Thursday, April 12, 2012

Ain't Nothing But Mammals

Before I got lost in tangent-ville, talking about YA, cannibalism, and embarrassment, I was talking about the vicarious pleasure that a person can get from reading Twilight. I want to return to that briefly today to wrap it up before I move on to my next big topic.

In my last post I compared the pleasure we get from a Big Mac to the pleasure we get from filet mignon.We know that Big Macs are bad for us. We know they are cheaply made, mass-produced, and lower-quality than filet mignon. But when we put a Big Mac in our mouth, we cannot deny that it provides us pleasure.

We have an elitism about what types of pleasure "count." Roland Barthes wrote an entire book trying to pin down the essence of this elusive idea of what is "real" pleasure. However, Barthes is only really thinking about the pleasure of high-brow things: going to the opera, reading James Joyce, listening to a symphony. These are the filet mignons of pleasure. But Big Macs also provide us pleasure, often extreme, addictive pleasure, and yet we do not think of these types of pleasures as "real."But why do we have this elitism?

Because we're humans! We're better than the neanderthals that derived extreme pleasure from fat and sugar. We are evolved enough to ignore the cheap pleasures of the Big Mac, and sometimes even convince ourselves that we don't derive pleasure from it at all.

But let’s face it, we are still animals. We evolved from apes and we often act like them. Why do we like the Big Mac? Because it tastes good. And it tastes good because we need the sugar, fat, and protein to survive. Yes, the quantities of sugar, fat, and protein in a Big Mac are excessive, but our animal instincts don’t recognize that. Of course now our cultured sensibilities tell us “Don’t! A moment on the lips a lifetime on the hips!” But we all do it. We all eat ice cream and hamburgers and fried chicken and whatever else. If we were as cultured and evolved as we like to think we are, we would only eat filet mignon and grilled chicken breast on a beds of lettuce.

But cheap, greasy food is not the only thing that satisfies our animal cravings. We watch Jersey Shore and Days Of Our Lives, we listen to Lady Gaga and Nicki Minaj. And then there’s sex. Sex is about as animal as it gets. There is no high-class equivalent to sex, and sex gives people tremendous pleasure. In fact, sex is probably the thing that brings the most pleasure to the most people, yet we don't discount that pleasure due to its animal nature. Quite the opposite, in fact.

So why is it that Twilight is not thought to provide "real" pleasure. Why do we hang our heads in shame at having enjoyed it? Why do we chastise its YA status, and mock the cannibalistic intentions of Edward Cullen? Why do we think that Ulysses provides “real” pleasure but Twilight is pulp at best?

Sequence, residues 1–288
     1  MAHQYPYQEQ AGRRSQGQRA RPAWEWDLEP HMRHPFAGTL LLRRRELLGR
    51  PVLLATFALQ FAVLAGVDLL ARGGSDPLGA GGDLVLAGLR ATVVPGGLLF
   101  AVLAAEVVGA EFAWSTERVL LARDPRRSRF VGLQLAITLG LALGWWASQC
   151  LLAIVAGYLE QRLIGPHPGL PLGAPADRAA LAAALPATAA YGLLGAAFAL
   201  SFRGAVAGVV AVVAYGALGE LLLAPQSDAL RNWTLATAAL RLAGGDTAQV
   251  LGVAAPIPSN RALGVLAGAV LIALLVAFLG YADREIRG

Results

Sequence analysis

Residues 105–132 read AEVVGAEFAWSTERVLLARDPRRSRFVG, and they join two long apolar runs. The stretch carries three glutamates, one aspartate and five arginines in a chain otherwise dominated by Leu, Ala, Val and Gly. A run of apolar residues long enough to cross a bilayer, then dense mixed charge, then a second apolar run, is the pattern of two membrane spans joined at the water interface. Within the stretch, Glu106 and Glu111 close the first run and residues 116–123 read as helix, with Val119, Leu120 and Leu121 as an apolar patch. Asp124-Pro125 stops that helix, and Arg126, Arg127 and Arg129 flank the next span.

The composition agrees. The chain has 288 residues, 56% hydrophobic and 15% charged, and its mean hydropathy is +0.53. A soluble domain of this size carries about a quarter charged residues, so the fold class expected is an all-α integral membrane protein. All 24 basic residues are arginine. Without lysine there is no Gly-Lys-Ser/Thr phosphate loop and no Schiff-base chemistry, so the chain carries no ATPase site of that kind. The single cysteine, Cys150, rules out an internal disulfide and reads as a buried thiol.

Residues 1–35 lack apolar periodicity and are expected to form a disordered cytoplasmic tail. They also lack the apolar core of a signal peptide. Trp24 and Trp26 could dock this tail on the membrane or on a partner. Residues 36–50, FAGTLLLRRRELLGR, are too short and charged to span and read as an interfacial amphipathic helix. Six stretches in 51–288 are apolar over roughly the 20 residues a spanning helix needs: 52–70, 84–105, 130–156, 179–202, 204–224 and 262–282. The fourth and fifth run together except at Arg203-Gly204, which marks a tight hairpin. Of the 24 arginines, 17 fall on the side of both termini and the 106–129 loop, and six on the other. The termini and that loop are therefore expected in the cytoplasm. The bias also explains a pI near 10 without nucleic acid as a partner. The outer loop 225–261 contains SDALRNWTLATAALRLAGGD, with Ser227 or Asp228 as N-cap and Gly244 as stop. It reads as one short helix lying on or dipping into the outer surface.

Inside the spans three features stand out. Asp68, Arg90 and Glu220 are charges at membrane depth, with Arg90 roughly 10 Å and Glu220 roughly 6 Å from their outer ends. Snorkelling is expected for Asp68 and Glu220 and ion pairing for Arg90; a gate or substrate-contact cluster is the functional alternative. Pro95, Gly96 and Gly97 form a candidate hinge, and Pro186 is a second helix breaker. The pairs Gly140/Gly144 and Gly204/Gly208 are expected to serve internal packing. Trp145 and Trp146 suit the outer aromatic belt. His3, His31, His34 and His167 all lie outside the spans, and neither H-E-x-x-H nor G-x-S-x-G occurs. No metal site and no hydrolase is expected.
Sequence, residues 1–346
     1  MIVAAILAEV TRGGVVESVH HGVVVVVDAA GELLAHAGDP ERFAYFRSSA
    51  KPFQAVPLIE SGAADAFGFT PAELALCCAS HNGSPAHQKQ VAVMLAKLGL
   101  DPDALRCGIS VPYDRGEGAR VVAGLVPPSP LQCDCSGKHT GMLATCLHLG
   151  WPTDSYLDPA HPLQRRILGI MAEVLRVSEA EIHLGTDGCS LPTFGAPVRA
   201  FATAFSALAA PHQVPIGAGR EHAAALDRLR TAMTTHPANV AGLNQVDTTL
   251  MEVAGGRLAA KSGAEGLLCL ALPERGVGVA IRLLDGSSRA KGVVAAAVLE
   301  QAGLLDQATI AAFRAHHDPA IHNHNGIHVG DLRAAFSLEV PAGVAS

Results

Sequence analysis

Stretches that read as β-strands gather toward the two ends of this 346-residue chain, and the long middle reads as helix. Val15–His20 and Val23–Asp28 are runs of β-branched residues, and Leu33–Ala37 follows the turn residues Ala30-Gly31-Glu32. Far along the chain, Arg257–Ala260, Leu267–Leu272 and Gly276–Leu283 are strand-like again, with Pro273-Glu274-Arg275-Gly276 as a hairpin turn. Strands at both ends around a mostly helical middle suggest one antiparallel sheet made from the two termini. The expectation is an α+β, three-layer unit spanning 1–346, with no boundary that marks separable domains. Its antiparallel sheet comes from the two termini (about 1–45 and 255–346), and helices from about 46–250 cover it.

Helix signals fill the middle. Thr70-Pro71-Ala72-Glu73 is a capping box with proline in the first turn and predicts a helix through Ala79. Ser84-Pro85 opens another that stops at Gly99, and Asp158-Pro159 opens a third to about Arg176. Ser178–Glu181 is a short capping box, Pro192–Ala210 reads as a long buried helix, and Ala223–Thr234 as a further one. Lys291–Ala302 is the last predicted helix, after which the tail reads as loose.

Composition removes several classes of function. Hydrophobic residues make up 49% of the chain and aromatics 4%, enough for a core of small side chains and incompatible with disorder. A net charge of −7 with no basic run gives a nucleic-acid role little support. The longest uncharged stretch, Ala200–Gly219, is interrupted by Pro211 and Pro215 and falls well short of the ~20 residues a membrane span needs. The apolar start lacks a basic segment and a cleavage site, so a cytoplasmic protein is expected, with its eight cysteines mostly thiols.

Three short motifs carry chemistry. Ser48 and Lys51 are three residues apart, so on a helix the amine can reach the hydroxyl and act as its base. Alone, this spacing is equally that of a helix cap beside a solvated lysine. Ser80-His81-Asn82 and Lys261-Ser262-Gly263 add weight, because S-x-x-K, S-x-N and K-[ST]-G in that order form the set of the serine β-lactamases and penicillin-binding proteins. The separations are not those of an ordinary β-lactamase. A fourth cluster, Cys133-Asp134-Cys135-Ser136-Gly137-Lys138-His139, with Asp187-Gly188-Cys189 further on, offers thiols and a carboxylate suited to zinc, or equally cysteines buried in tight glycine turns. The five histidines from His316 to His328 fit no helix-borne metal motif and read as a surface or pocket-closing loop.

I don't believe that it is pulp. Or rather, I believe that its pulp status does not discount the pleasure we get from reading it. The vicarious pleasure we derive from Twlight is as real as it gets, in the same vein as the very real, animalistic pleasure we get from sex.

Humans are social creatures. We require various types of communities to facilitate our happiness: the family unit, friend circles, etc. A normal human is unhappy when he or she is alone for too long. 

What is more is that a person is only considered normal if he or she is able to interact with other people. We think there is something wrong with us if we can't make friends. Many mental disorders include the inability to relate to people, for example, a sociopath is a type of person that cannot feel basic empathetic emotions like guilt or compassion or love. Sociopaths are not the norm, and very often they are unsuccessful socially. 

Classifying as a normal, social human being requires the ability to relate to other people on an emotional level. So, evolutionarily speaking, it makes sense that humans derive pleasure from sharing someone’s emotions. We feel extreme happiness when our sports team wins a game, we feel sick or cringe when someone else bleeds, our mouths drool when we watch other people eat, and we feel horny when we read about people having sex.

And what is this but vicariousness!

What is more is that in order to enjoy this vicariousness, you have to consider yourself similar to the person that you are empathizing with. According to this study and this study, it is important to relate to the person in order to feel his or her emotions. This makes sense evolutionarily, again, because you want your family to survive, even if that has to happen at the expense of another family. You empathize with the people you relate to and do not empathize with the people you cannot relate to.

And this gives us extreme, very real pleasure. According to Paul Bloom’s How Pleasure Works, humans spend more time daydreaming or imagining than doing any other activity. They are not actually having sex or eating or hanging out with friends, they are only watching it happen on television or thinking about it happening while sitting in the middle of biology class. If imagining weren’t a real pleasure, why would we spend so much time doing it?

Perhaps Ulysses is higher-brow than Twilight. Perhaps we feel more evolved when we read it. But Twilight caters to primitive, animalistic pleasures like our sense of vicariousness and our desire to imagine. Maybe we feel less evolved when we feel this animalistic pleasure, but that does not make the pleasure any less real.

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